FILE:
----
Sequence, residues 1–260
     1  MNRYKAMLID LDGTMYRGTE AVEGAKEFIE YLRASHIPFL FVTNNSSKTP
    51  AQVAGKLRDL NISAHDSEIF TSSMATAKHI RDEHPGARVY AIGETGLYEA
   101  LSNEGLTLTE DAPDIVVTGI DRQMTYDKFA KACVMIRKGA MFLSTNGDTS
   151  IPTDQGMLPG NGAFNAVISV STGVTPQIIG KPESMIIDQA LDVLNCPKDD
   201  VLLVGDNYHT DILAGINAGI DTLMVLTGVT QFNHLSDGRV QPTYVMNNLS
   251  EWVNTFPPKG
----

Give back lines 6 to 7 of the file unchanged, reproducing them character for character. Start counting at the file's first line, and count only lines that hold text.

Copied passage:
   201  VLLVGDNYHT DILAGINAGI DTLMVLTGVT QFNHLSDGRV QPTYVMNNLS
   251  EWVNTFPPKG